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Puppy Basics: Spaying and Neutering
Puppy Basics: Spaying and Neutering

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Puppy Basics: Spaying and Neutering

For most pet parents, the expense, time, and expertise involved in breeding dogs responsibly is beyond their reach. Here are some advantages to having your puppy spayed or neutered:
 

  • For females, there will no longer be a mess to deal with during their 21-day heat cycles, which occur every six months. The heat cycle begins in females sometime after 6 months of age.
  • Spaying a female before her first heat cycle will reduce the chance of mammary tumors or uterine diseases.
  • Neutered males tend to be less aggressive than unneutered males.
  • With a neutered male, the urge to mark territory may lessen.
  • A neutered male is less likely to want to roam in search of potential mates.
     

When to Spay or Neuter

Dogs should be spayed or neutered by the time they are 6 months old to avoid many dog health issues. Both operations are performed under anesthesia and may require an overnight stay at the veterinarian's office. Recovery time is quick, with most dogs resuming normal activity in a few days. Spaying (for females) consists of an ovario-hysterectomy.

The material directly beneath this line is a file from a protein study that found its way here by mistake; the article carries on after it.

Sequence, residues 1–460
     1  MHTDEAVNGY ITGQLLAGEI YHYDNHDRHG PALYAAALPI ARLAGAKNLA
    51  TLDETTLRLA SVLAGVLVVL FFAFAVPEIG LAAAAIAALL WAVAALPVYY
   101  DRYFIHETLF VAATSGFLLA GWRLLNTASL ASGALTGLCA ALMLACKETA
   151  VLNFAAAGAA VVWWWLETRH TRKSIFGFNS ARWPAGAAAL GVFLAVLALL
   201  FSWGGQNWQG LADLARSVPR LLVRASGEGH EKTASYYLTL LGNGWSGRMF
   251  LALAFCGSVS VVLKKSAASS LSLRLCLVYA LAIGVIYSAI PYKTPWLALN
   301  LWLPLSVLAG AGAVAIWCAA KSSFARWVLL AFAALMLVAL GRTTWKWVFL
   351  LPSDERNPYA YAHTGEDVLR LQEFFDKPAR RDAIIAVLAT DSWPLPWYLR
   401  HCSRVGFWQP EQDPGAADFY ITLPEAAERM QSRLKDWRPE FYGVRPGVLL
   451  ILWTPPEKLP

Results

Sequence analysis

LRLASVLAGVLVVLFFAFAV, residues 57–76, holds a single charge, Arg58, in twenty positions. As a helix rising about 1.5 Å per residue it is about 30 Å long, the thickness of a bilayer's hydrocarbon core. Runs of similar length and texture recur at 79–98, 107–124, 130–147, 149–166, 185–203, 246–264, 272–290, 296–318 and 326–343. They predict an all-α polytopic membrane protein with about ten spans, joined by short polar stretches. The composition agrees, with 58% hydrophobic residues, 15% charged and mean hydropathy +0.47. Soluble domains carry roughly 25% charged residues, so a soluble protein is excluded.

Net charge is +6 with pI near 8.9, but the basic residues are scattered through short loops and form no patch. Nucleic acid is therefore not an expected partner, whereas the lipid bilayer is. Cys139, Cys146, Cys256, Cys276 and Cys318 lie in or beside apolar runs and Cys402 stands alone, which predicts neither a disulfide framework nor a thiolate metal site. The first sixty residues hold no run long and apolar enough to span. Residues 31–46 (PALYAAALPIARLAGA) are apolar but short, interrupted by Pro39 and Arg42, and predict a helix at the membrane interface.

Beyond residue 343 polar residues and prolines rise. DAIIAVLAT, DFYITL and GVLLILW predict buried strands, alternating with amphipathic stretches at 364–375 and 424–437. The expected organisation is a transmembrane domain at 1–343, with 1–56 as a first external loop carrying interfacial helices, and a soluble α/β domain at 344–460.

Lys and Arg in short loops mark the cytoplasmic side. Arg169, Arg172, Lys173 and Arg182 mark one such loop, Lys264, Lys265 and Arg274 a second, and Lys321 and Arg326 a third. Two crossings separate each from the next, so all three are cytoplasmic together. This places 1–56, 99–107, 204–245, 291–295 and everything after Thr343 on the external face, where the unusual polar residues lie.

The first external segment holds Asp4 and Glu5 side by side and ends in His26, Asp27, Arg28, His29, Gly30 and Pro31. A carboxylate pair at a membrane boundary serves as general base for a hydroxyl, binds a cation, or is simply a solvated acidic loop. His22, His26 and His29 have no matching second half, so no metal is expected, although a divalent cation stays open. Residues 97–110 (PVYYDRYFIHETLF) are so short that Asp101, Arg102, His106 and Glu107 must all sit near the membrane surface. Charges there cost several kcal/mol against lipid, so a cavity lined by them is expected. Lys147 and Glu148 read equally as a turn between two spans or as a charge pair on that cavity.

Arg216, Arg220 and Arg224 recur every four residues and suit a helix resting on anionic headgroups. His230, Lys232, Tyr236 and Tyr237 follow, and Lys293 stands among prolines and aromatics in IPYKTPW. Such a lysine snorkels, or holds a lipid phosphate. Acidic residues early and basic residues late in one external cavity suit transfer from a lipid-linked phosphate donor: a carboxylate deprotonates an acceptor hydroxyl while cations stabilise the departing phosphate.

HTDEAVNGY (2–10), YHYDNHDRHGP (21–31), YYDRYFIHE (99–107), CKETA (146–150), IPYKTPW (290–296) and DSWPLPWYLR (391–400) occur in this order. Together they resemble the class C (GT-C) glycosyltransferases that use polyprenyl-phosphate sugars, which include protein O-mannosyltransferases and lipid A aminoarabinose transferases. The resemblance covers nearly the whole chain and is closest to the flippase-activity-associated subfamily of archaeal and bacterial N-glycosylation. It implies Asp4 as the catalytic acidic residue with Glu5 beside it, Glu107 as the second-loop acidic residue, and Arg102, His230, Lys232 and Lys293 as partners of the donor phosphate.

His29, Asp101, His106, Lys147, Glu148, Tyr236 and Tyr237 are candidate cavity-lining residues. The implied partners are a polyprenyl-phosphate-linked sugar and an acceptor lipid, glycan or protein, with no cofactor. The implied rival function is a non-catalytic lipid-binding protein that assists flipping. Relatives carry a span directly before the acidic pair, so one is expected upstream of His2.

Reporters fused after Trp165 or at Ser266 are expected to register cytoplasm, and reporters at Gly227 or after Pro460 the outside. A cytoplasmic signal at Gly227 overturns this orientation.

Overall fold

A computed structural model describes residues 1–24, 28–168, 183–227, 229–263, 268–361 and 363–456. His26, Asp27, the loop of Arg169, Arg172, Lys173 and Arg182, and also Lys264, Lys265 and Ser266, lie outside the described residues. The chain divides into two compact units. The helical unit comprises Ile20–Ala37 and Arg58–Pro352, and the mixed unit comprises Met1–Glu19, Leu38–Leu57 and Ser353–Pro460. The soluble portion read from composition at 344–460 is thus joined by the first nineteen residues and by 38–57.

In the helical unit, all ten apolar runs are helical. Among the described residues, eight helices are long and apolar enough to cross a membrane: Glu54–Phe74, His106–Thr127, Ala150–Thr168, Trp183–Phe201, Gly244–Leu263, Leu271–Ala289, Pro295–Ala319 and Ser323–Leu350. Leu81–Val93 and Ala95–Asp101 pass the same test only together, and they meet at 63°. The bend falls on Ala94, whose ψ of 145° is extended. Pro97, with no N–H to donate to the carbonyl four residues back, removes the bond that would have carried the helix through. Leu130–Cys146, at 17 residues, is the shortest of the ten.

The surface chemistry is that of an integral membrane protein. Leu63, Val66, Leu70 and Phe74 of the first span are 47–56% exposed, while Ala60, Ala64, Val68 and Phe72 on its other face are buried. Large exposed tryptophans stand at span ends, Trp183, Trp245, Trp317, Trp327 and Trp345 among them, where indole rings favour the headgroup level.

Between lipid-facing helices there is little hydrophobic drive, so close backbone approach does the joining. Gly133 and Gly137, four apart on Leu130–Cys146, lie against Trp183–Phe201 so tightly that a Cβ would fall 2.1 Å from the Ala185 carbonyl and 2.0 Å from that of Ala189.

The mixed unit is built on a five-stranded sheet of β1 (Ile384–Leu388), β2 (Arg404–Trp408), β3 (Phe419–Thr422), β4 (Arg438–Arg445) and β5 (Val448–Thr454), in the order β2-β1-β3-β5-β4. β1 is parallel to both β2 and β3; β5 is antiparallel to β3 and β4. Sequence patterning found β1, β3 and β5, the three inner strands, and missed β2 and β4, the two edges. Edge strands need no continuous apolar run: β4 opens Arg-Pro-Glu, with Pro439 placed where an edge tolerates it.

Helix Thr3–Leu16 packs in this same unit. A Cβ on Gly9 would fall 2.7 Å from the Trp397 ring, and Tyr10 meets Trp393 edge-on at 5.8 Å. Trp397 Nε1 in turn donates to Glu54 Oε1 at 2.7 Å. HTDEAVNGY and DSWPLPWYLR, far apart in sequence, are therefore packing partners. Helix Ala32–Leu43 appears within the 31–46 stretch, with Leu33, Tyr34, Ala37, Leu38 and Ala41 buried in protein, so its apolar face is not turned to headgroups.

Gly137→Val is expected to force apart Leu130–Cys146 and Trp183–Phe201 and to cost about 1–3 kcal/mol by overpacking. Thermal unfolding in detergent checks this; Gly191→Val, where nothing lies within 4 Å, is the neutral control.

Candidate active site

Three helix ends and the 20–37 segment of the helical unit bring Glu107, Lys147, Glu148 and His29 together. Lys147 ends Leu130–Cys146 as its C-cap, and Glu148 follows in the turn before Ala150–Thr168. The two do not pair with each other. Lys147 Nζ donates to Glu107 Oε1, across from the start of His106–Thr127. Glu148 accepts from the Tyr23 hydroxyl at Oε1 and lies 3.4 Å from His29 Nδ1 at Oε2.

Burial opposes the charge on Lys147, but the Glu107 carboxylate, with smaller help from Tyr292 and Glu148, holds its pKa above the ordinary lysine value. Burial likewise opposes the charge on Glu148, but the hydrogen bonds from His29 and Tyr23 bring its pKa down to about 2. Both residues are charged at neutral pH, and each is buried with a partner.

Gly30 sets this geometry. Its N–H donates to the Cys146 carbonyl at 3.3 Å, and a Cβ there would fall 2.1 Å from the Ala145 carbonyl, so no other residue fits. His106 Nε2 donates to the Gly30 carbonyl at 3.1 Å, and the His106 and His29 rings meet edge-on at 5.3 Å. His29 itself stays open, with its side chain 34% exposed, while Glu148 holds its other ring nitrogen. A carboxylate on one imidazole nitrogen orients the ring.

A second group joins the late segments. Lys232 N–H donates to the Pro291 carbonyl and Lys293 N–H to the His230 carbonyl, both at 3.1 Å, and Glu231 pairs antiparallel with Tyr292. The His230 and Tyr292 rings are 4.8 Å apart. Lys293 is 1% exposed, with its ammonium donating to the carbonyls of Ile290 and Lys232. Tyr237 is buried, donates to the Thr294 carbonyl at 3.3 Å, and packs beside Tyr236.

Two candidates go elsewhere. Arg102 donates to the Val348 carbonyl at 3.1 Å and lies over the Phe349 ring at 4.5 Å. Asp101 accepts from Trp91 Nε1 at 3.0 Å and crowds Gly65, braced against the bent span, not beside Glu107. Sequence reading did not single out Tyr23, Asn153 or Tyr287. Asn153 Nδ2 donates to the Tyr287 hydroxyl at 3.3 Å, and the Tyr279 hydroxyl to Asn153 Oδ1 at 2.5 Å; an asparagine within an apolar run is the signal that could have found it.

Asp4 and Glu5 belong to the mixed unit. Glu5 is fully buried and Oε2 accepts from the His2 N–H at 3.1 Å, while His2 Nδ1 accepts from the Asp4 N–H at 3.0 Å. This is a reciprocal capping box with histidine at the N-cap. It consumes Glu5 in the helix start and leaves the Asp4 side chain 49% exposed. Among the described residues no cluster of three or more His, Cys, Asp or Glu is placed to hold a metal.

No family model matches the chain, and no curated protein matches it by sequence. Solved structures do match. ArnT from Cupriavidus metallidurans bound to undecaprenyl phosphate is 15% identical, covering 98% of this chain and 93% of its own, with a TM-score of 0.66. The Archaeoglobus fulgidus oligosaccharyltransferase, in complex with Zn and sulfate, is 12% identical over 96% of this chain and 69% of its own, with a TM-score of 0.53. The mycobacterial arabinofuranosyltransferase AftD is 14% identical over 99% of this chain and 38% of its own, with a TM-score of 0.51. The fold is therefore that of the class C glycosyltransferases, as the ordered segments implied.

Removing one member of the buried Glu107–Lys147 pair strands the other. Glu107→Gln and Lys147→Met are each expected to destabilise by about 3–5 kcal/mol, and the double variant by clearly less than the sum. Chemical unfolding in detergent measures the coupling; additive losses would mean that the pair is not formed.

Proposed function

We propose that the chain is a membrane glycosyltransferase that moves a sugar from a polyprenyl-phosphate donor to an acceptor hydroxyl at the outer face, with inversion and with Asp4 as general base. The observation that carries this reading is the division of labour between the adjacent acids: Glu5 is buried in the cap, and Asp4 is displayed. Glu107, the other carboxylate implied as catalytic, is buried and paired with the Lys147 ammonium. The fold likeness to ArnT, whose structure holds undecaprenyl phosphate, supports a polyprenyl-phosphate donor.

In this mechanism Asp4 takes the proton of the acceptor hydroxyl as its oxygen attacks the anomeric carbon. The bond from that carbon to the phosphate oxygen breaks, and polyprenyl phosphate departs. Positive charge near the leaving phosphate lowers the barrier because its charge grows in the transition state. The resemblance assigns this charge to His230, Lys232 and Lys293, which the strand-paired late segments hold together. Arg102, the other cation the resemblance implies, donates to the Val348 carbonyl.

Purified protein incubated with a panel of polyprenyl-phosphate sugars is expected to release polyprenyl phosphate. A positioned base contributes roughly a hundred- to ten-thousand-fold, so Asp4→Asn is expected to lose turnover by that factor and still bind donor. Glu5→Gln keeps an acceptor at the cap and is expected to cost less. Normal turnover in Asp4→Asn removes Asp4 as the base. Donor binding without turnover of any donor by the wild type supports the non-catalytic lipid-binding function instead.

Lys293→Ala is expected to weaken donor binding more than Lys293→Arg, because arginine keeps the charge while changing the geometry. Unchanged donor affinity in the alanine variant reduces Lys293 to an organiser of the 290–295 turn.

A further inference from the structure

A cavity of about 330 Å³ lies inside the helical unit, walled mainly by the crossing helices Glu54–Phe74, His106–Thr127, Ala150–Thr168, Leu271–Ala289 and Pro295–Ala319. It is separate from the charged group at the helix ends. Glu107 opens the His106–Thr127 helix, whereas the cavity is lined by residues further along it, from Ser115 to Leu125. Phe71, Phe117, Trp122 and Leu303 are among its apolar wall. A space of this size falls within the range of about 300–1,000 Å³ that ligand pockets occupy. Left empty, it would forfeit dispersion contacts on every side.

Neutering involves the removal of the testicles. When you bring your puppy to the veterinarian's office for his first thorough examination, have the doctor explain the operation in detail and set up a time to have the procedure done.

  • Understanding Puppy Food Nutrition Labels
    Understanding Puppy Food Nutrition Labels

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    Understanding Puppy Food Nutrition Labels

    How much do you know about the food you’re buying for your puppy? When shopping for puppy food, pay attention to these three sections of a dog food label.

     

    1. The Ingredient Panel

    This section lists all the ingredients that make up the product. The ingredients are listed in descending order according to weight before cooking. In dry food, look for a source of high-quality animal-based protein: chicken or lamb, for example. Dogs thrive on animal proteins.
     

    Manufacturers who use large amounts of vegetable proteins might be saving money by providing basic — but not optimal — nutrition. You should also avoid artificial colors and flavors, which offer no nutritional benefits.

     

    2. The Guaranteed Analysis

    Near the ingredient panel should be a chart of percentages called the "guaranteed analysis." These figures reveal the basic nutrient makeup of the dog food's formula and protein content. The minimum percentages of protein and fat and the maximum percentages of fiber and moisture (water) should be listed.

     

    3. The Manufacturer’s Name and Address

    This information must be included on the label by law. A toll-free number or web address for the manufacturer may also be listed. Manufacturers who list a phone number, such as IAMS™, generally have a high-quality product and welcome consumer calls and questions. If you would like information about IAMS products, visit our website or call us toll-free at 800-525-4267.

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